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People v Teodoro Date: December 2, 2009 GR NO: 172372 Topic: When complaint or information is sufficient Facts: Appellant Romar

r Teodoro was found guilty beyond reasonable doubt of two (2) counts of statutory rape, and sentenced him to suffer the penalty of reclusion perpetua for each count by the Regional Trial Court of Batangas. However, there are three different sets of facts that were laid down during his trial. The said set of facts contained different dates but of the same crime. The dates stated were: In criminal case no 8538 June 18, 1995, in the morning In criminal case no 8539 First week of July, in the morning In criminal case no 8540 March 30, 1996, about 10:00 in the evening In his defense, the appellant invoked denial. He denied raping the victim on June 18, 1995 and on the first week of July 1995, but admitted having a consensual sexual intercourse with AAA on March 30, 1996. We shall only discuss the incidents of June 18, 1995 and of the first week of July 1995 (subject of Criminal Case Nos. 8538 and 8539), as the appellant had already been acquitted in Criminal Case No. 8540.

Issue/s: W/O/N the Information in the Criminal Case (Criminal Case 8539) was defective for failure to state the exact date of the commission of the crime. Ruling: No. An information, under Section 6, Rule 110 of the 2000 Revised Rules on Criminal Procedure, is deemed sufficient if it states the name of the accused; the designation of the offense given by the statute; the acts or omissions complained of as constituting the offense; the name of the offended party; the approximate date of the commission of the offense; and the place where the offense was committed. Section 11 of the same Rule also provides that it is not necessary to state in the complaint or information the precise date the offense was committed, except when the date of commission is a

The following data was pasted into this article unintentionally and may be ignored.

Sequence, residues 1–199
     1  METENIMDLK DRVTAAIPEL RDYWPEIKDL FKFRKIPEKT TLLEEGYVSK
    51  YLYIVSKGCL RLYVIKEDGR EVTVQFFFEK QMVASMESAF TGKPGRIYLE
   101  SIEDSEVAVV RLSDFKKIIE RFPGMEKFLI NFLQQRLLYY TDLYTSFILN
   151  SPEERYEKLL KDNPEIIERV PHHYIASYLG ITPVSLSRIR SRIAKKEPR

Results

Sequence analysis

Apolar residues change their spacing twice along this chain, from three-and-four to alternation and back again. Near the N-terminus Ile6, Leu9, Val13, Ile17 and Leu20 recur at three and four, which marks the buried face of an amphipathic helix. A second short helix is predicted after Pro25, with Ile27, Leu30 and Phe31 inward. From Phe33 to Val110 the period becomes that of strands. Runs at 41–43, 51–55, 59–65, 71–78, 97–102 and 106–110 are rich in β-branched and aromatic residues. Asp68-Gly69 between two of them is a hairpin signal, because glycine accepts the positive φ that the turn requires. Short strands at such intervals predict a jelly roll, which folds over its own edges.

material element of the offense. The offense may thus be alleged to have been committed on a date as near as possible to the actual date of its commission. At the minimum, an indictment must contain all the essential elements of the offense charged to enable the accused to properly meet the charge and duly prepare for his defense. 40 In the present case, the Information in Criminal Case No. 8539 states that the offense was committed "in the first week of July 1995"; it likewise alleged that the victim was "below 12 years old" at the time of the incident. These allegations sufficiently informed the appellant that he was being charged of rape of a child who was below 12 years of age. Afforded adequate opportunity to prepare his defense, he cannot now complain that he was deprived of his right to be informed of the nature of the accusation against him. We have repeatedly held that the date of the commission of rape is not an essential element of the crime.41 It is not necessary to state the precise time when the offense was committed except when time is a material ingredient of the offense. In statutory rape, time is not an essential element except to prove that the victim was a minor below twelve years of age at the time of the commission of the offense. Given the victims established date of birth, she was definitely short of 12 years under the allegations of the Information and on the basis of the evidence adduced. Moreover, objections relating to the form of the complaint or information cannot be made for the first time on appeal. If the appellant had found the Information insufficient, he should have moved before arraignment either for a bill of particulars, for him to be properly informed of the exact date of the alleged rape, or for the quashal of the Information, on the ground that it did not conform with the prescribed form. Failing to pursue either remedy, he is deemed to have waived objection to any formal defect in the Information.42